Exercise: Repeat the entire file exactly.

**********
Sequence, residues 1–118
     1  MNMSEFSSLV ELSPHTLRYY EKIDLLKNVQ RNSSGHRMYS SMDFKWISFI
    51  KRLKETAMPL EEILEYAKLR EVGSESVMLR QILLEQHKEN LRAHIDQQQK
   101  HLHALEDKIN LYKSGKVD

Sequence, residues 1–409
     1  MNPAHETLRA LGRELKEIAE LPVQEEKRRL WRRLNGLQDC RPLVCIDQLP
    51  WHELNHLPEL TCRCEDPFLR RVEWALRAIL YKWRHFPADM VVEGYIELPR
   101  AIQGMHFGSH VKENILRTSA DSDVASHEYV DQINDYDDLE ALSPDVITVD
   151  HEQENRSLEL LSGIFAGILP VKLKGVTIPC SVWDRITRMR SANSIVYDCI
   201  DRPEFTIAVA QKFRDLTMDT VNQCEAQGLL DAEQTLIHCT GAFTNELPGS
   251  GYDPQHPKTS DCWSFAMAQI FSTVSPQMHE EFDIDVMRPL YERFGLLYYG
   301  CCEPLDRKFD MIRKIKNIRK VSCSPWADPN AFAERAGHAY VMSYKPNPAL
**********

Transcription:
Sequence, residues 1–118
     1  MNMSEFSSLV ELSPHTLRYY EKIDLLKNVQ RNSSGHRMYS SMDFKWISFI
    51  KRLKETAMPL EEILEYAKLR EVGSESVMLR QILLEQHKEN LRAHIDQQQK
   101  HLHALEDKIN LYKSGKVD

Sequence, residues 1–409
     1  MNPAHETLRA LGRELKEIAE LPVQEEKRRL WRRLNGLQDC RPLVCIDQLP
    51  WHELNHLPEL TCRCEDPFLR RVEWALRAIL YKWRHFPADM VVEGYIELPR
   101  AIQGMHFGSH VKENILRTSA DSDVASHEYV DQINDYDDLE ALSPDVITVD
   151  HEQENRSLEL LSGIFAGILP VKLKGVTIPC SVWDRITRMR SANSIVYDCI
   201  DRPEFTIAVA QKFRDLTMDT VNQCEAQGLL DAEQTLIHCT GAFTNELPGS
   251  GYDPQHPKTS DCWSFAMAQI FSTVSPQMHE EFDIDVMRPL YERFGLLYYG
   301  CCEPLDRKFD MIRKIKNIRK VSCSPWADPN AFAERAGHAY VMSYKPNPAL